Chat with us, powered by LiveChat

How To Store Your Fine Art

Undoubtedly, masterpieces of art are items of treasure. Artists from hundreds of years ago created their most beautiful works in a time where you and I have not yet been born. Imagine these artworks being preserved to this very day – a solid testament to our human history and various cultures. It is no wonder that fine art is so revered, and priced so highly.

With great value, comes a great need to protect that value and prevent it from dipping. There is a need to keep these treasures in a safe location when they are not on display. Due to their fragile nature, fine art must be kept in an environment tailored for them.

Any art collector will be able to tell you with confidence: it is much easier to protect your fine artwork from dirt and damage than it is to clean it after the damage has been done. (And even then, there are different types of varnish for different types of artwork to be familiar with.)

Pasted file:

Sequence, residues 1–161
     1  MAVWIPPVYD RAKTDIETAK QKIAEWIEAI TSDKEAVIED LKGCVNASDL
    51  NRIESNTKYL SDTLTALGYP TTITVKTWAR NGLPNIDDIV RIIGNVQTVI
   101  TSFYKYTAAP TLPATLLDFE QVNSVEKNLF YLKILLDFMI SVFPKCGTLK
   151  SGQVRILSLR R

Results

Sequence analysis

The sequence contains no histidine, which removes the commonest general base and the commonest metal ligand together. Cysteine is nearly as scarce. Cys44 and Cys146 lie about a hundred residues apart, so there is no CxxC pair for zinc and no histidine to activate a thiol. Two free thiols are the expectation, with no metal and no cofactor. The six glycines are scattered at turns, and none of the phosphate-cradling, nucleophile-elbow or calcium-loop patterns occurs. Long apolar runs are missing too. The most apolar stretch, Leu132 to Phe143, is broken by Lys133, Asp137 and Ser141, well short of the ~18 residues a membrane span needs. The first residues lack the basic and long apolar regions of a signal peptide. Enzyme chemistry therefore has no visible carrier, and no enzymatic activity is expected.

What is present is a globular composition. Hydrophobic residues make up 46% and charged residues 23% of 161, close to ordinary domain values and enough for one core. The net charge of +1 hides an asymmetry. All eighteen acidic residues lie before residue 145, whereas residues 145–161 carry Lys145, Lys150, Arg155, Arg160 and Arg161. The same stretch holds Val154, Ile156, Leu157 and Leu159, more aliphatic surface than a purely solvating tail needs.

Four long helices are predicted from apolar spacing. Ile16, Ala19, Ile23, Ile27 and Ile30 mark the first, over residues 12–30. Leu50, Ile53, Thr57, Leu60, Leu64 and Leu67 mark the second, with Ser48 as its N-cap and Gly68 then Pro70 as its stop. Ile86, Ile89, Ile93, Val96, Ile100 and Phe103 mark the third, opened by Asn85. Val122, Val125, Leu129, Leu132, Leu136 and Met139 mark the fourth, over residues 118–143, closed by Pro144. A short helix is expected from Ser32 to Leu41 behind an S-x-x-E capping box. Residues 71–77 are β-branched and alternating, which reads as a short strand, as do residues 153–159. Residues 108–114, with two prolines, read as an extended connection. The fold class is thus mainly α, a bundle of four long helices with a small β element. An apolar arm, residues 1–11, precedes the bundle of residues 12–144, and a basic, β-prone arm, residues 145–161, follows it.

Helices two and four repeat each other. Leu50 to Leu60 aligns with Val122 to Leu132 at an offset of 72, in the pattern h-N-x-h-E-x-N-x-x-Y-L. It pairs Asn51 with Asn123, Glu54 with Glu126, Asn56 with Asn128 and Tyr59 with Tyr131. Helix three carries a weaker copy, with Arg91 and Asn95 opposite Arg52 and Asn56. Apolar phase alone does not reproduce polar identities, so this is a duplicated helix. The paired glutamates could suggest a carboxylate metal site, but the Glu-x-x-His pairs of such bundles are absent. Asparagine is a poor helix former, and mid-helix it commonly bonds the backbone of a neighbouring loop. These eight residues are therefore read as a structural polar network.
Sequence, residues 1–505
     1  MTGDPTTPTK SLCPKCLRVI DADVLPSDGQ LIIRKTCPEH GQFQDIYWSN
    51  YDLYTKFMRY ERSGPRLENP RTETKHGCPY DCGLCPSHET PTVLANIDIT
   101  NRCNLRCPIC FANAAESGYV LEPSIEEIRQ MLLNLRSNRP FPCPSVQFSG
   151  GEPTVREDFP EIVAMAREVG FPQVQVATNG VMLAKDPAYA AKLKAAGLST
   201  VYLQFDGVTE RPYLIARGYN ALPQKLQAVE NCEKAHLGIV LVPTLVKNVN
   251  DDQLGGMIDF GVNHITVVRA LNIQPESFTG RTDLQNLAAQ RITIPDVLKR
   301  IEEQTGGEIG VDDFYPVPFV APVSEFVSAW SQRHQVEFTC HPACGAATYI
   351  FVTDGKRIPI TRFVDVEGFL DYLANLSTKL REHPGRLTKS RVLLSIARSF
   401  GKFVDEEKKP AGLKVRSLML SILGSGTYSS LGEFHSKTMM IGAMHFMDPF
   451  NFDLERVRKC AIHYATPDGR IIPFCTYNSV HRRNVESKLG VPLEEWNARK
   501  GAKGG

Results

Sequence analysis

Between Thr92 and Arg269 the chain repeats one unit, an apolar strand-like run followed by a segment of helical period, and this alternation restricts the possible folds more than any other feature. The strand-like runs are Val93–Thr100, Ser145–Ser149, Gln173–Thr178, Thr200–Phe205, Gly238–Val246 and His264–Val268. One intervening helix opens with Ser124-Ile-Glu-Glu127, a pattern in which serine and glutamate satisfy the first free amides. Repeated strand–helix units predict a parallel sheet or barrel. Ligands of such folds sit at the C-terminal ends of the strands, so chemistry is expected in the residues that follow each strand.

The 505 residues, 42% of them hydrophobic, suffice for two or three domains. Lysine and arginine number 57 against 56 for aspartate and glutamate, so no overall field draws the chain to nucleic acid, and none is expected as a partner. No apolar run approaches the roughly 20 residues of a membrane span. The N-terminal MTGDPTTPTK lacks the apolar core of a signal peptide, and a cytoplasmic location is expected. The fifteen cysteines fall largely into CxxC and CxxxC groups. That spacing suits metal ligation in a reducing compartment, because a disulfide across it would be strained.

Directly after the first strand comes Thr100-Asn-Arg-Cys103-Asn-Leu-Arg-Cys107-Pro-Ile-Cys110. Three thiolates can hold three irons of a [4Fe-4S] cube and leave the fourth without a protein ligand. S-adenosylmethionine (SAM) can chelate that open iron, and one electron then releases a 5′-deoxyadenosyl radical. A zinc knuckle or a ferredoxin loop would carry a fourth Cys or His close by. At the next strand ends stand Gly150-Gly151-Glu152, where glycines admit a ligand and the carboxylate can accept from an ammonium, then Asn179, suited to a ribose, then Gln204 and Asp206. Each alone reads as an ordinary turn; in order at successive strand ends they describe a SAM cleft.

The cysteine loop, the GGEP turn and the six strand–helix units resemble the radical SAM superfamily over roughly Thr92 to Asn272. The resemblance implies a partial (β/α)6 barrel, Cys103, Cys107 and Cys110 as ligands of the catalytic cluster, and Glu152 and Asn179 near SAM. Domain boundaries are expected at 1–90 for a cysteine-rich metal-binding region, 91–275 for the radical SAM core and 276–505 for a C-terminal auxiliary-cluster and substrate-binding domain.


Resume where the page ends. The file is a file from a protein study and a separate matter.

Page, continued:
Because besides theft, fine art and paintings are also susceptible to being deteriorated by natural conditions, like changes in temperature or the cleanliness of a resting place. While keeping your fine art collection at home seems like the most obvious choice, do take note of the following necessary conditions needed to maintain your collection in good shape.

how to store fine art

1. Climate Control

The first requirement to safely keep your fine art is a climate and humidity controlled storage space. This is absolutely necessary as paintings are prone to mould and mildew that can cause severe damage. In any regular environment, insects like termites may also emerge from the woodworks and eat away at your precious collections. Damage like this will likely never be able to be reversed, thus draining your efforts at acquiring these collections in the first place.